Hugh Despenser’s remains

Another story involving bones was published in the March 2008 issue of Antiquity: this one makes grim reading as it concerns the identity of an individual whose remains exhibit ‘numerous perimortem cut marks’; initially thought to be battle wounds, these cut marks have been re-examined by Mary Lewis of Reading’s Department of Archaeology, and she has concluded that they are evidence that the body had undergone hanging, drawing and quartering, the brutal form of medieval execution reserved for criminals deemed to have committed multiple heinous crimes and hence deserving of multiple deaths.

Putting all the osteological evidence together – including the date of the remains, the age and sex of the victim, his height and the location of the lesions – Mary Lewis suggests that the partial skeleton, excavated from the medieval abbey graveyard at Hulton Abbey, in Staffordshire, is that of Hugh Despenser, allegedly the lover of Edward II.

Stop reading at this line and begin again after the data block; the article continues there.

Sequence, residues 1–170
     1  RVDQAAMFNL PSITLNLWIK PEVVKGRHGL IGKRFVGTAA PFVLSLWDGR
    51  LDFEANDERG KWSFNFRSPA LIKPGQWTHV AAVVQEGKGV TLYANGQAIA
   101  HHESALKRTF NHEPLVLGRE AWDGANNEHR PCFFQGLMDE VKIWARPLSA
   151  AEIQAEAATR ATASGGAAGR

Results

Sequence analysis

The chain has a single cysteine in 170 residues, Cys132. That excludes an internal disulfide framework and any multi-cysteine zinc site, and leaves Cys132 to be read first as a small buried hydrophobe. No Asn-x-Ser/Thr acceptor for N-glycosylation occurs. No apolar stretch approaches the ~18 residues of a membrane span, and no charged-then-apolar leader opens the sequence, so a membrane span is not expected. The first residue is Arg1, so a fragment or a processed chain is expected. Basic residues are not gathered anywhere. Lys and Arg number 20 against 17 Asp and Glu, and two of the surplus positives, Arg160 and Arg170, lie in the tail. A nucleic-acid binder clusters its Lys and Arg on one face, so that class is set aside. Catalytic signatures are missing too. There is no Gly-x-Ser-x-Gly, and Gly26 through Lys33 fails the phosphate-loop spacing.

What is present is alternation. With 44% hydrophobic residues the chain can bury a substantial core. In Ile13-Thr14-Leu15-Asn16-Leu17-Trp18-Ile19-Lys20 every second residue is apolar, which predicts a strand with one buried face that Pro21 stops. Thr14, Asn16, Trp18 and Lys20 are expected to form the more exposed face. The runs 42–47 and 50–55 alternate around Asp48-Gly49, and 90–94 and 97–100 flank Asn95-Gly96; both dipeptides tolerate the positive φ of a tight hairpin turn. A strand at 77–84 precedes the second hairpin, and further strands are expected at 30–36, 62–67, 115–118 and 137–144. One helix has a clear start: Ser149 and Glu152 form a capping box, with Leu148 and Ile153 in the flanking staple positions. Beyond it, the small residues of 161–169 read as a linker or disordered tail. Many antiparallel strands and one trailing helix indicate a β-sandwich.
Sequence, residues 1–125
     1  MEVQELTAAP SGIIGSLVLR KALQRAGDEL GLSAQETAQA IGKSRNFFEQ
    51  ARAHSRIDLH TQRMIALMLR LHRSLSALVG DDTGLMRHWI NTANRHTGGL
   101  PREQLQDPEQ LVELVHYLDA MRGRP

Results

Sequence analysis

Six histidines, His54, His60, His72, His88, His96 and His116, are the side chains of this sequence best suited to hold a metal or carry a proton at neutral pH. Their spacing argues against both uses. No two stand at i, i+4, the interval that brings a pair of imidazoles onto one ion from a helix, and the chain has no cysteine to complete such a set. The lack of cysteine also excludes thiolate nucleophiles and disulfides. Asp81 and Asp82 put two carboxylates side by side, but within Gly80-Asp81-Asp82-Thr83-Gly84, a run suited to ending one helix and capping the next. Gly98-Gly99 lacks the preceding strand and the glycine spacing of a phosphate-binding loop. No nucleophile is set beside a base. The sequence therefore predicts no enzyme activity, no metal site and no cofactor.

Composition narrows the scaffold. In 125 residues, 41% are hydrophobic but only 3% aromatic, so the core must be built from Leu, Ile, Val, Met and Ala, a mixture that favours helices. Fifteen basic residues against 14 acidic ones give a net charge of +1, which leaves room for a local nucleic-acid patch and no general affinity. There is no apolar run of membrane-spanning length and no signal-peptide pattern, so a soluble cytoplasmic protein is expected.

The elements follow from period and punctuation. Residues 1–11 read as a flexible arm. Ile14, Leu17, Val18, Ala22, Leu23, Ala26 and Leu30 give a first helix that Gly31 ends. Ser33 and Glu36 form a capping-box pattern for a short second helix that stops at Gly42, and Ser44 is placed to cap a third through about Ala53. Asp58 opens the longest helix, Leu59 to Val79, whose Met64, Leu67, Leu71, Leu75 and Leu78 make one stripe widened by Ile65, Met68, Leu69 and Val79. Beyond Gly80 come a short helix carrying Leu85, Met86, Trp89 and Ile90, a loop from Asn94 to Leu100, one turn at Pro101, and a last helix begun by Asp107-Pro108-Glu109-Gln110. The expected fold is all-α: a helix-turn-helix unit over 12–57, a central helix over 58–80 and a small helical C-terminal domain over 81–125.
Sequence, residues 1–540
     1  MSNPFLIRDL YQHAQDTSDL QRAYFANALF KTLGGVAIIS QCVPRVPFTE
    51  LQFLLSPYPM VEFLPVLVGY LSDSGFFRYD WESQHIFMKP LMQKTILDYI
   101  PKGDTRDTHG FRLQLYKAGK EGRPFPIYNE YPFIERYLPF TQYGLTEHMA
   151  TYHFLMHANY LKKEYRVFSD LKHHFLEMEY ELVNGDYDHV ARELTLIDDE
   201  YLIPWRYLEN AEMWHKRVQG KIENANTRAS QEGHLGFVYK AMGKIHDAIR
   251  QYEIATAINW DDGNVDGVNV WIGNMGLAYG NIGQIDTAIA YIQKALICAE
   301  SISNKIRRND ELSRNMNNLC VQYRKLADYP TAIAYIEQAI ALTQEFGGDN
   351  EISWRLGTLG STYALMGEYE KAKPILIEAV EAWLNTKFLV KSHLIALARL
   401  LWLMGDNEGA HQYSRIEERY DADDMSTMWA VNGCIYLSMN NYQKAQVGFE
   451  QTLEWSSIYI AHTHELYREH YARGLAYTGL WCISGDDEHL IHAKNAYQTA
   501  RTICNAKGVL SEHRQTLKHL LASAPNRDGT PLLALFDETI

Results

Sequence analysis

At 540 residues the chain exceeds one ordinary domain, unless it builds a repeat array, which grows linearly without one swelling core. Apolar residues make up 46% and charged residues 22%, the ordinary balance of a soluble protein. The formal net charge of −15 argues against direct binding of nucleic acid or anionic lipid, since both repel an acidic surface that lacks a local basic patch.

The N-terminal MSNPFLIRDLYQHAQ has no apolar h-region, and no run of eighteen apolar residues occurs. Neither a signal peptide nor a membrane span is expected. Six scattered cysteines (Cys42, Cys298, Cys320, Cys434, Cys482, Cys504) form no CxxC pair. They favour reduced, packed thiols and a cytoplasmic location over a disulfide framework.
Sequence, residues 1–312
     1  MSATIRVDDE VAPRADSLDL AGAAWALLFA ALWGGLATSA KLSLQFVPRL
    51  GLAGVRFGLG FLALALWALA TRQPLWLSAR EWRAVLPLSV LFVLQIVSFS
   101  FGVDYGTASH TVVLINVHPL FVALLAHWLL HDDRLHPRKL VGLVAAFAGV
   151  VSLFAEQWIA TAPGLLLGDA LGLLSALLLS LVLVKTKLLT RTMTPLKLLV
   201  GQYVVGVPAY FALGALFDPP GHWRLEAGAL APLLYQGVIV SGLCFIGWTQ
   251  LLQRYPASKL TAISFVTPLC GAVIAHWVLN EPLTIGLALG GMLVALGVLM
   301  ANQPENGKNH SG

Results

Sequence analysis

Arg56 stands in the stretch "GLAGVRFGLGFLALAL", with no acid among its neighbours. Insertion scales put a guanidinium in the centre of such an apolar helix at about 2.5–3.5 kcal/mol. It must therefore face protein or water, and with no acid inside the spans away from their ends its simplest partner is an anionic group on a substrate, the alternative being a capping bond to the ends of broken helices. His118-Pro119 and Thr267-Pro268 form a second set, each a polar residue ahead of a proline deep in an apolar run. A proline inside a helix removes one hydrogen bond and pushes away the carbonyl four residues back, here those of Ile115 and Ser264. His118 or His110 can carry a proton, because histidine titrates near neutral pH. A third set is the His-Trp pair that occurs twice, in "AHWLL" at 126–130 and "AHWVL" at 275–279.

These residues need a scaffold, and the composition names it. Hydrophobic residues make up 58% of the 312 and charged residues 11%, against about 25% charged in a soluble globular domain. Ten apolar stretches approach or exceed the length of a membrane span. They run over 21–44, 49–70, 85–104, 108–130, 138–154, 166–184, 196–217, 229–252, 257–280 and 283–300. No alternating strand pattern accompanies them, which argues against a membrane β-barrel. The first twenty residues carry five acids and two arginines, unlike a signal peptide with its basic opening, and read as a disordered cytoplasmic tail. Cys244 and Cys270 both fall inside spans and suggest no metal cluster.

The injuries displayed by the bones accord precisely with Froissart’s account of Despenser’s execution, and the bones that are missing from the Hulton Abbey burial (the skull, a thigh bone and some vertebra) exactly match those known to have been recovered by Despenser’s wife, Eleanor, and buried on the family estate at Tewksbury in Gloucestershire.

What isn’t clear is how and by whom the quartered remains of Despenser were gathered together for burial at Hulton Abbey: perhaps, Mary Lewis suggests, the threat to despatch the quartered body to four corners of the realm as evidence of his execution was never carried out.

David’s dodgy legs and golden hair